The 6th Circuit ruled last week that Wal-Mart Stores Inc. did not wrongfully fire an employee for his medical marijuana use.

Joseph Casias worked as an inventory-control manager at a Battle Creek, Mich., Walmart beginning in 2004. In November 2009, he injured himself at work and went to the hospital, where he received a standard drug test per Wal-Mart’s policy. He tested positive for marijuana.

Casias, who was previously diagnosed with an inoperable brain tumor and sinus cancer, showed his managers a registry card saying that his oncologist prescribed him the medical marijuana treatment in June 2009 after Michigan voters approved it the year before. He says the drug reduces his pain and improves his speaking abilities. Nonetheless, Wal-Mart fired him.

Casias sued Wal-Mart for violating the Michigan Medical Marijuana Act, which prohibits “disciplinary action by a business or occupational or professional licensing board or bureau” against a “qualifying patient.”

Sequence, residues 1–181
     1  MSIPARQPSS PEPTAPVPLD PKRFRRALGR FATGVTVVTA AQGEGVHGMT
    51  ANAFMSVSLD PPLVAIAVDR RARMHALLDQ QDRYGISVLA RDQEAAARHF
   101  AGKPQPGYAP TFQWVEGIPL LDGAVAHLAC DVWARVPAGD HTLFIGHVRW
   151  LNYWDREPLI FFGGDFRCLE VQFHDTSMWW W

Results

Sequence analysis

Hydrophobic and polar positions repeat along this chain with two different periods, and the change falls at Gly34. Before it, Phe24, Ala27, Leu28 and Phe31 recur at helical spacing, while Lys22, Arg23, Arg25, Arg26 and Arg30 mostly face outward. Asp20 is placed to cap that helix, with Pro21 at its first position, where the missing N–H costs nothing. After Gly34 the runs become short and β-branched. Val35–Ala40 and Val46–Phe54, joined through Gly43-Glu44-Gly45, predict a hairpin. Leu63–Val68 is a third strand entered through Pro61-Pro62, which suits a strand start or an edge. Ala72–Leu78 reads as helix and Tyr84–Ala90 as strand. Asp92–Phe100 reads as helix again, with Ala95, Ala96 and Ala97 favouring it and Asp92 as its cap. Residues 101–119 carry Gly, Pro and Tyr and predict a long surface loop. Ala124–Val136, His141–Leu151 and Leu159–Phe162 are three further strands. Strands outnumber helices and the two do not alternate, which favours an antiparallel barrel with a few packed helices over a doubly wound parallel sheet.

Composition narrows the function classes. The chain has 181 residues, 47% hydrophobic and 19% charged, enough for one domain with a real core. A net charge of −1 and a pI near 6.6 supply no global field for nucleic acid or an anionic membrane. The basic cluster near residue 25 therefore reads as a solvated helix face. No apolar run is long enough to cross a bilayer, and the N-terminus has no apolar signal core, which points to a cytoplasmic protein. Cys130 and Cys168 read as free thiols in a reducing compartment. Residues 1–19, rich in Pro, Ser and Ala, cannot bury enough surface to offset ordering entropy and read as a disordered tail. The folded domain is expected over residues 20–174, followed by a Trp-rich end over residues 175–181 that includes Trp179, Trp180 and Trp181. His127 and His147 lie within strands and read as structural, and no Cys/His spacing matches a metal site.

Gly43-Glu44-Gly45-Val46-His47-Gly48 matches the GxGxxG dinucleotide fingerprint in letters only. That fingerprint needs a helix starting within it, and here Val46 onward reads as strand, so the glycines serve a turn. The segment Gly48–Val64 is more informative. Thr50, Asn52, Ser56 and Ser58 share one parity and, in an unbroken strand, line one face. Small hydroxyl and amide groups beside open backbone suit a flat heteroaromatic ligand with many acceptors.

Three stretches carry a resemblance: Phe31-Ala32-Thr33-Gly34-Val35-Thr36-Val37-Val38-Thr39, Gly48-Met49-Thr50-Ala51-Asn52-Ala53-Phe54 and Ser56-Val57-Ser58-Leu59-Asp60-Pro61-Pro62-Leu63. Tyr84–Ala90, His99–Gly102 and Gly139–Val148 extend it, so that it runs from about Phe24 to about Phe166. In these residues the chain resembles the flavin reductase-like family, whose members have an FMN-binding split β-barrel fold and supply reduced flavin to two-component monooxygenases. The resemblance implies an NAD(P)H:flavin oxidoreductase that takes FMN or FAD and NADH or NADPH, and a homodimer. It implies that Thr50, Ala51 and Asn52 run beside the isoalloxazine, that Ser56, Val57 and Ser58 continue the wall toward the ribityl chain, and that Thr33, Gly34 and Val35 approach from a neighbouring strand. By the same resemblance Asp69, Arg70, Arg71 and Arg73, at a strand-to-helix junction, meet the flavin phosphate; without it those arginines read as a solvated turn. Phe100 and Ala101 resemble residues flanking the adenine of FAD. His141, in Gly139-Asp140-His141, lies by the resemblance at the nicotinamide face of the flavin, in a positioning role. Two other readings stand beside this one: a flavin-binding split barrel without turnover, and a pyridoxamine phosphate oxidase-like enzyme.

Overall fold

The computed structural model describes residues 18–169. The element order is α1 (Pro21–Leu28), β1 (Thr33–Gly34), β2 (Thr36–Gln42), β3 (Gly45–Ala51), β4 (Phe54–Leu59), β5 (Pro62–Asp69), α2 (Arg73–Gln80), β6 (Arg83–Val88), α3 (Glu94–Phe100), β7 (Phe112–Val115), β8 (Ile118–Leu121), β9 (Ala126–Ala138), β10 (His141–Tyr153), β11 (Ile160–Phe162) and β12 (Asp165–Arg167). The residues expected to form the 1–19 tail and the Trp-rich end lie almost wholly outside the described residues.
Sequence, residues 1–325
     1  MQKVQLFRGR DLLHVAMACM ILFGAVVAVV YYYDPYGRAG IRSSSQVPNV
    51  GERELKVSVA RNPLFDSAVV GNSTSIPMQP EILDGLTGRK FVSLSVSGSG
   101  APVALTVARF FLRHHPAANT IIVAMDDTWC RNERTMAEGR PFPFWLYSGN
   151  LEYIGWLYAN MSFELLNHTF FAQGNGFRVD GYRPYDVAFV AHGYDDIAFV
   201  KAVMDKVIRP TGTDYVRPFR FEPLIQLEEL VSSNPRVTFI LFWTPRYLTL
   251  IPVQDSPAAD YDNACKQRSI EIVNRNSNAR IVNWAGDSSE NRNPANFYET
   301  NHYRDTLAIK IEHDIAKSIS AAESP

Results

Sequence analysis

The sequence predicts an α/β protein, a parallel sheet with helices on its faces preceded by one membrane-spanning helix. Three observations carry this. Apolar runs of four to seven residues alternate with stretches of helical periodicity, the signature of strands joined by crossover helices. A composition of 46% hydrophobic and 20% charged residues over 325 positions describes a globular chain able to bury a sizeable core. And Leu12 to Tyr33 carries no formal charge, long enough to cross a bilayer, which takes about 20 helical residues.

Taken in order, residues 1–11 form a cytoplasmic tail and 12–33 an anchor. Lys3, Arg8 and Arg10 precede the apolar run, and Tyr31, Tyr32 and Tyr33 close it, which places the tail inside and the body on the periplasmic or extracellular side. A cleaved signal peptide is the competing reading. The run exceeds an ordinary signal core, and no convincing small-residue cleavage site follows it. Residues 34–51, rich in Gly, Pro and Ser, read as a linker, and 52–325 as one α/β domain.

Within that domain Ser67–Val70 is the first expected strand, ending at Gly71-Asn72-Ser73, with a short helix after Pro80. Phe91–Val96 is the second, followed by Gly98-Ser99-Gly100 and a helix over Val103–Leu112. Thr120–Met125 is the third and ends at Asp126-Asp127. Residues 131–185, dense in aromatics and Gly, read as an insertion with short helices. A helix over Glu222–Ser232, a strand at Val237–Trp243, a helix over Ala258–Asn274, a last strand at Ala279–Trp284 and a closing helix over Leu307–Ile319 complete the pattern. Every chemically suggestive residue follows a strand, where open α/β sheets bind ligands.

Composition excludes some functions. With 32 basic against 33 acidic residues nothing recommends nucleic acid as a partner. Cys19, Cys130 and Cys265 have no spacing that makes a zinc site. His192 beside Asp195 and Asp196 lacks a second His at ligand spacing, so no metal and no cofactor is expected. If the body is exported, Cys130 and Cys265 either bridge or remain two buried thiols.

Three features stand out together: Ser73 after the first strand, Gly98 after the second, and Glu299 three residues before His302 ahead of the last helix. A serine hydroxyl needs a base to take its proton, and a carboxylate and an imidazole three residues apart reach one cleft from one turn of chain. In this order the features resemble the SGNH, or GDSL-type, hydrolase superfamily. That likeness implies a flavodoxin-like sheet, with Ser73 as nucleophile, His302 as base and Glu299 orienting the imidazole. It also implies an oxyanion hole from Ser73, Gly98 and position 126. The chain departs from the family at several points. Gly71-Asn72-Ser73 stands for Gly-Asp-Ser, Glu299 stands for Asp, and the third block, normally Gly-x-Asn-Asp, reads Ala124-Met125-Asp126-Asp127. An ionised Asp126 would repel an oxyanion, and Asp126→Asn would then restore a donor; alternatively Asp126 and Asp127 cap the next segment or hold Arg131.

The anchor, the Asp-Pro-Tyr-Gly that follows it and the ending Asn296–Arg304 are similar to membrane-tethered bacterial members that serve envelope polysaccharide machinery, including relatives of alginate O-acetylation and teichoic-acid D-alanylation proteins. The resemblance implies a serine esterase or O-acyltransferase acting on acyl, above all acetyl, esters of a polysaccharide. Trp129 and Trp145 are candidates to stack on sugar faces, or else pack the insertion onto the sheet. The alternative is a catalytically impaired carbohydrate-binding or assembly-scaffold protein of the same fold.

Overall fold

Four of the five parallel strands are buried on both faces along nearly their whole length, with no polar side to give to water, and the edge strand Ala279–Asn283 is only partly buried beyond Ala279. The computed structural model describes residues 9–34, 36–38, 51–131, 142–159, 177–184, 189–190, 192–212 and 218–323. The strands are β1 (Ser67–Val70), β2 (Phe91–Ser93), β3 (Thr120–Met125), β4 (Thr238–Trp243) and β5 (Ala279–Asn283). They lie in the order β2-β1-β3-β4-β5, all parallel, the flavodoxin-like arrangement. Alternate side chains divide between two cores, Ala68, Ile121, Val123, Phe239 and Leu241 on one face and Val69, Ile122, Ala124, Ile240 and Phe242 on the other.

Last year, a federal judge found that Wal-Mart did not improperly terminate Casias. And yesterday, the 6th Circuit upheld the decision, saying that “Michigan law doesn’t stop employers from firing people who use medical marijuana.”

Read Bloomberg BNA and the Huffington Post for more about the 6th Circuit’s decision.

Read more InsideCounsel stories about medical marijuana:

Labor: Employment protections under medical marijuana laws

Medical Marijuana Users Raise Unexpected Issues for Employers

Medical Marijuana Laws Are Spreading Across the Country